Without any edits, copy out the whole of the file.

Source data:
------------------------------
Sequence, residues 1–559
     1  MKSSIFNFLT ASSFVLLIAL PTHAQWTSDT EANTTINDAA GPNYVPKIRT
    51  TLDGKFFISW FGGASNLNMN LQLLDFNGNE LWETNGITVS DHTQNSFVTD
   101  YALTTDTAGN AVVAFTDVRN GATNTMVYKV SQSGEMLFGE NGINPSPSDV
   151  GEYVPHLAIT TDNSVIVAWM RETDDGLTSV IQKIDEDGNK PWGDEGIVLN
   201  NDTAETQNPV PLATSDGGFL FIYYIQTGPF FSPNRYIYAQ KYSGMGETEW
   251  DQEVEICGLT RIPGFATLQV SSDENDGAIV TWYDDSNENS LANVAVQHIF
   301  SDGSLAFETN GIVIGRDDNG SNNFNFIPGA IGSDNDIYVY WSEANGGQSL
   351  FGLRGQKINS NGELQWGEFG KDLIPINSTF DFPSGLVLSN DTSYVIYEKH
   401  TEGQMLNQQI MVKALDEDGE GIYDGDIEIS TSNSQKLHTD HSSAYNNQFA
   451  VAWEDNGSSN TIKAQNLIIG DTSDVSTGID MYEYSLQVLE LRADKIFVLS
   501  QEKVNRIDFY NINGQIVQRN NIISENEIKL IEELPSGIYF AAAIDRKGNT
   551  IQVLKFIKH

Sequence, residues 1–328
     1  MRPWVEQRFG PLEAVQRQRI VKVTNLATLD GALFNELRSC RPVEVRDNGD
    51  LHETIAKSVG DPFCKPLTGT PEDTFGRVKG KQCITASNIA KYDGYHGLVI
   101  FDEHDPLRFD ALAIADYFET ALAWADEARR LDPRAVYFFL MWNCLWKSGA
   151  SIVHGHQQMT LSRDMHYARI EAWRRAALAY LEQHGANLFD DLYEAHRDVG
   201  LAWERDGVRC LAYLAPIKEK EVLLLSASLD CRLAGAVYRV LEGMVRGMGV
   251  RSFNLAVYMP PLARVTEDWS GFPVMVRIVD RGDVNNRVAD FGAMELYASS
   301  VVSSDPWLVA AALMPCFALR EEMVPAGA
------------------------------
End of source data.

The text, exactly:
Sequence, residues 1–559
     1  MKSSIFNFLT ASSFVLLIAL PTHAQWTSDT EANTTINDAA GPNYVPKIRT
    51  TLDGKFFISW FGGASNLNMN LQLLDFNGNE LWETNGITVS DHTQNSFVTD
   101  YALTTDTAGN AVVAFTDVRN GATNTMVYKV SQSGEMLFGE NGINPSPSDV
   151  GEYVPHLAIT TDNSVIVAWM RETDDGLTSV IQKIDEDGNK PWGDEGIVLN
   201  NDTAETQNPV PLATSDGGFL FIYYIQTGPF FSPNRYIYAQ KYSGMGETEW
   251  DQEVEICGLT RIPGFATLQV SSDENDGAIV TWYDDSNENS LANVAVQHIF
   301  SDGSLAFETN GIVIGRDDNG SNNFNFIPGA IGSDNDIYVY WSEANGGQSL
   351  FGLRGQKINS NGELQWGEFG KDLIPINSTF DFPSGLVLSN DTSYVIYEKH
   401  TEGQMLNQQI MVKALDEDGE GIYDGDIEIS TSNSQKLHTD HSSAYNNQFA
   451  VAWEDNGSSN TIKAQNLIIG DTSDVSTGID MYEYSLQVLE LRADKIFVLS
   501  QEKVNRIDFY NINGQIVQRN NIISENEIKL IEELPSGIYF AAAIDRKGNT
   551  IQVLKFIKH

Sequence, residues 1–328
     1  MRPWVEQRFG PLEAVQRQRI VKVTNLATLD GALFNELRSC RPVEVRDNGD
    51  LHETIAKSVG DPFCKPLTGT PEDTFGRVKG KQCITASNIA KYDGYHGLVI
   101  FDEHDPLRFD ALAIADYFET ALAWADEARR LDPRAVYFFL MWNCLWKSGA
   151  SIVHGHQQMT LSRDMHYARI EAWRRAALAY LEQHGANLFD DLYEAHRDVG
   201  LAWERDGVRC LAYLAPIKEK EVLLLSASLD CRLAGAVYRV LEGMVRGMGV
   251  RSFNLAVYMP PLARVTEDWS GFPVMVRIVD RGDVNNRVAD FGAMELYASS
   301  VVSSDPWLVA AALMPCFALR EEMVPAGA